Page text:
Cannes 2015: The winners and losers

25 May 2015 | Author: | No comments yet »

Cannes 2015 closes with glittering ceremony.

Jacques Audiard has cemented his place as the premier contemporary French director by winning the Palme d’Or in Cannes for his seventh feature, Dheepan.

After nearly two weeks of stirring, sleek and thought-provoking movies — and a couple of duds — the Cannes Film Festival closed with an awards night to declare the winner of its coveted Palme d’Or. (Source: PTI) After nearly two weeks of stirring, sleek and thought-provoking movies — and a couple of duds — the Cannes Film Festival closed today with an awards night to declare the winner of its coveted Palme d’Or. US directing duo the Coen brothers headed this year’s jury of top actors and filmmakers deciding which of the 19 competition entries will walk away with the 20,000-euro (USD 24,000) gold-and-crystal trophy. His new film is a less-starry affair than those two; the tale of a former fighter in the Sri Lankan civil war trying to make a new life in France with a fake family. This year’s Grand Prix went to 38-year-old debut director László Nemes for Son of Saul, the Auschwitz-set story of a prisoner working as a Sonderkommando, guiding Jews into the gas chambers and then disposing of their bodies.

Joel and Ethan Coen, the makers of Oscar-winner “No Country for Old Men” and the 1991 Palme d’Or winner “Barton Fink”, could be swayed by movies with menace, or oddball humour, or extraordinary production values. The director thanked his producers and actors, including Colin Farrell and Rachel Weisz, who play single people who must find a mate within 45 days or be turned into a wild animal. The opinions of the other members of the panel also have to be taken into account — for instance, Mexican director Guillermo del Toro (known for fantasies such as “Pan’s Labyrinth), Canadian wunderkind filmmaker Xavier Dolan, and actors Jake Gyllenhaal and Sienna Miller.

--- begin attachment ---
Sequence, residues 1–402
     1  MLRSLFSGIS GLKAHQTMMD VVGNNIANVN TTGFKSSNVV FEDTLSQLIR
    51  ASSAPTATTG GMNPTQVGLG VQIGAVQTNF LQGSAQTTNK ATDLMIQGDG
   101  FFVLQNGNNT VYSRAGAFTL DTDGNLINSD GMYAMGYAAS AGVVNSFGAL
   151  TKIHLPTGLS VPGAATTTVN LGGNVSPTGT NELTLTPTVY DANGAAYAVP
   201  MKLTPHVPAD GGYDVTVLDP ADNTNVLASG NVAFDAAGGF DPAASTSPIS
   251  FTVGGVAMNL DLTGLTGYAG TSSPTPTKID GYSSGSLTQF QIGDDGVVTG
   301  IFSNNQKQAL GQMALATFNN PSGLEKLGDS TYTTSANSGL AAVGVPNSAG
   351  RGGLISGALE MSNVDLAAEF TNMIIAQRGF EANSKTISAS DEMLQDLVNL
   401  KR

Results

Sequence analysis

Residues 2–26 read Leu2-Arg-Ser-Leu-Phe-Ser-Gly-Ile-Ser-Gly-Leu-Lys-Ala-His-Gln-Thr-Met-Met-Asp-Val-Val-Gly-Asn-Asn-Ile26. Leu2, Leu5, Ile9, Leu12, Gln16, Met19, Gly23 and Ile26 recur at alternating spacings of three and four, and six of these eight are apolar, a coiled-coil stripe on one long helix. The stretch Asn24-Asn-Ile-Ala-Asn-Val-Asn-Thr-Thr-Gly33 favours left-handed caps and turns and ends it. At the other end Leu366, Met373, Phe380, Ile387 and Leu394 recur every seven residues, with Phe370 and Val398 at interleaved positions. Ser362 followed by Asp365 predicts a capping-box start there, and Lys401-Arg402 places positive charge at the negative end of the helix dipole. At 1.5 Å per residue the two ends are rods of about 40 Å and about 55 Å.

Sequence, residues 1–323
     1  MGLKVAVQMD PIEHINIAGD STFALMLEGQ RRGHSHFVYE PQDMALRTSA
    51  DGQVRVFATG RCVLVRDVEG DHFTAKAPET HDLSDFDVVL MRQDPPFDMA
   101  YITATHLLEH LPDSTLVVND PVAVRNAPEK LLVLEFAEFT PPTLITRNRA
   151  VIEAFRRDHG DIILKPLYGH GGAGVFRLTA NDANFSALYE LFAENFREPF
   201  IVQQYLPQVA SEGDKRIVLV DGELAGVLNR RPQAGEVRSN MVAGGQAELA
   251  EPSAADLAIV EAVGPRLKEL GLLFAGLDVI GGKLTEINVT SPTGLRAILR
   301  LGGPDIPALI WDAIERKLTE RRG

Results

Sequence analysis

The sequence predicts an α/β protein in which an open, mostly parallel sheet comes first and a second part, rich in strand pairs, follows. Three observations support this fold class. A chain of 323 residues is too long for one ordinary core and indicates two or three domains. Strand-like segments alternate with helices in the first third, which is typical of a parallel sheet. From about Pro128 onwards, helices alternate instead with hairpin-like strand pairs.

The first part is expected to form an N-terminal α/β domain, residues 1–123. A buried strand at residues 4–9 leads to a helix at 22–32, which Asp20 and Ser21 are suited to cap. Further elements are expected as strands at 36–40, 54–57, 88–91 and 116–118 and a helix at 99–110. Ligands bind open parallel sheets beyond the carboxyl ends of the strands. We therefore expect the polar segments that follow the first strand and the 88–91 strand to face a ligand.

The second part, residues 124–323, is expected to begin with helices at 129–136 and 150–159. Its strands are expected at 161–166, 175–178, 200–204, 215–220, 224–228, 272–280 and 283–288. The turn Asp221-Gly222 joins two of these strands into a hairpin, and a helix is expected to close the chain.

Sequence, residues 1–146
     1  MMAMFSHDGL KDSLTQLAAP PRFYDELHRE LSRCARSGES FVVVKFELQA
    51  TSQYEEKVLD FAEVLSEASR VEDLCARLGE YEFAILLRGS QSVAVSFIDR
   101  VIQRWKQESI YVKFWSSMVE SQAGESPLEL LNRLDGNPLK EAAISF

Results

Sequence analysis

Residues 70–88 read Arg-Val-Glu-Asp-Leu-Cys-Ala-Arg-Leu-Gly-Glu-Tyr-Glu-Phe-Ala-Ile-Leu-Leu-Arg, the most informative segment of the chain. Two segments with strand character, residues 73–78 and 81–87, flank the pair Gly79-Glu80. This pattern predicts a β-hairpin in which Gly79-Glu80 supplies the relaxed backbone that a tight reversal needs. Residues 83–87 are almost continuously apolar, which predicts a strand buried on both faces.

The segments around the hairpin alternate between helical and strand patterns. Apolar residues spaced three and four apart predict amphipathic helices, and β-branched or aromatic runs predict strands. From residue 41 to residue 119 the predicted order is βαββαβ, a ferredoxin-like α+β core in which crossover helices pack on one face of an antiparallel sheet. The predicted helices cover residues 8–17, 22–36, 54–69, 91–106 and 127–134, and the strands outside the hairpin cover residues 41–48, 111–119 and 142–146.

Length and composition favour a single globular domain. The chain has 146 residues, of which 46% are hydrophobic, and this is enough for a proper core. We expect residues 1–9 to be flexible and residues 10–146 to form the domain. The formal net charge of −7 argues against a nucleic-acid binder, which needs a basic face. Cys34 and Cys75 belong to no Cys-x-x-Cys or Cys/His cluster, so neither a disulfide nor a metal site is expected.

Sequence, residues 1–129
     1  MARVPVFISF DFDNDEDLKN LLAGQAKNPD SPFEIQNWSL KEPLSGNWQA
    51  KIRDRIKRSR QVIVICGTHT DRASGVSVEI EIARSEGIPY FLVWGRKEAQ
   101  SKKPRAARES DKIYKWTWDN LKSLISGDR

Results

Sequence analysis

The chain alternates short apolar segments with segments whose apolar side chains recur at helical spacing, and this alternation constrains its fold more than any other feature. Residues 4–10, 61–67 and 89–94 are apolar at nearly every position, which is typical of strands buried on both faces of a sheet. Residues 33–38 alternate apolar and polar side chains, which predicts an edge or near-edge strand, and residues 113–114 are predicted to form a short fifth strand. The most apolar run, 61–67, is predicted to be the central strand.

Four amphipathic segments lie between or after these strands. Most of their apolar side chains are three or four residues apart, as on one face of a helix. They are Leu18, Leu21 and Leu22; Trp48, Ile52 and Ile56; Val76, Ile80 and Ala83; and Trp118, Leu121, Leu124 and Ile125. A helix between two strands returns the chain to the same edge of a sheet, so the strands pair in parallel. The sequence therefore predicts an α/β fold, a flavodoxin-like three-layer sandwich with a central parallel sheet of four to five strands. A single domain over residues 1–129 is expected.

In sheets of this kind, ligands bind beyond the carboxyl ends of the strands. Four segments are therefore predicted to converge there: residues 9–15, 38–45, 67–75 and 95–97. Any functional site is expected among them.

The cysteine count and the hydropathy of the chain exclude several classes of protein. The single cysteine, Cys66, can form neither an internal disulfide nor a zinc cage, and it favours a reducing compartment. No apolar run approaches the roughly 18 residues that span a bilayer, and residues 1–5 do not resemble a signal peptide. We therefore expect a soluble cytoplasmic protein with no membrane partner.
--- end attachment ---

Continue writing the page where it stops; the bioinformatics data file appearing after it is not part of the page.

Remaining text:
An unofficial award, the Queer Palme, decided by a separate panel looking to highlight gay people in movies, went to “Carol”, an American lesbian drama that was warmly received at the festival. Rooney Mara took the gong for her role as an inexperienced shopgirl in 1950s New York who begins a relationship with Cate Blanchett’s unhappily married mother-of-one. Haynes, accepting the award in Mara’s absence, said both he and she were “completely blown away and surprised” by the honour. “I love you, I wish you were here,” he said.

Veteran French star Vincent Lindon earned prolonged applause as he took the stage to pick up the best actor award for Stéphane Brizé’s The Measure of a Man, in which he plays a man crushed by his job as a supermarket security guard. Lindon beat the likes of Michael Caine ( Paolo Sorrentino’s Youth), and Tim Roth, who plays a traumatised palliative care nurse in bleak drama Chronic.

Early in the ceremony, the London singer and pianist Benjamin Clementine performed the song ‘Fare Thee Well’ from Inside Llewyn Davis, the Coens’ folk drama, which took the Grand Prix at Cannes in 2013. After his speech, Augusto continued the musical theme of this year’s ceremony by leading the audience in a rendition of ‘Happy Birthday’ to Reilly, who turned 50. Best director went to Taiwanese film-maker Hou Hsiao-hsien, whose martial arts epic The Assassin marks his return to cinema after an eight year absence. But although there has been an absence of high-profile turkeys such as last year’s opener, Grace of Monaco, the number of flat-out classics was also been felt to be down. Last year’s festival saw the premieres of Leviathan, Winter Sleep, Mr Turner, Jimmy’s Hall, Foxcatcher, Wild Tales, Clouds of Sils Maria, Mommy and Two Days, One Night.

Instead, the headlines were dominated by the midnight screening of Gaspar Noé’s 3D sex movie, Love, and by “flatgate”, which saw the festival under attack after security guards banned a number of women – including an amputee – from premieres for not wearing high heels.

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